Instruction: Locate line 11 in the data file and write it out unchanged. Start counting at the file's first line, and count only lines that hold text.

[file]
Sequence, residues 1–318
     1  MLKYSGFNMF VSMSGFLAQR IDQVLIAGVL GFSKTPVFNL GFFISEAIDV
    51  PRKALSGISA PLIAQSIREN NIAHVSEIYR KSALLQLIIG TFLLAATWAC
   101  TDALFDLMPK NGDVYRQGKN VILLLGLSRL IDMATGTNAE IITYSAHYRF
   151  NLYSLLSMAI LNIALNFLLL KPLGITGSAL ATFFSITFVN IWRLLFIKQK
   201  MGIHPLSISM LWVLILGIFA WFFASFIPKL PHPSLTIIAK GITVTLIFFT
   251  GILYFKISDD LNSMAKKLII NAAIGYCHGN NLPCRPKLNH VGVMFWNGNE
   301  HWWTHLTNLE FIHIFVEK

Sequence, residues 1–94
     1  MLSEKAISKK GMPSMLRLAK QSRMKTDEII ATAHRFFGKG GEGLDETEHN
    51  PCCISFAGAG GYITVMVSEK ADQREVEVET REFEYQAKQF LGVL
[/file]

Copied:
    51  PCCISFAGAG GYITVMVSEK ADQREVEVET REFEYQAKQF LGVL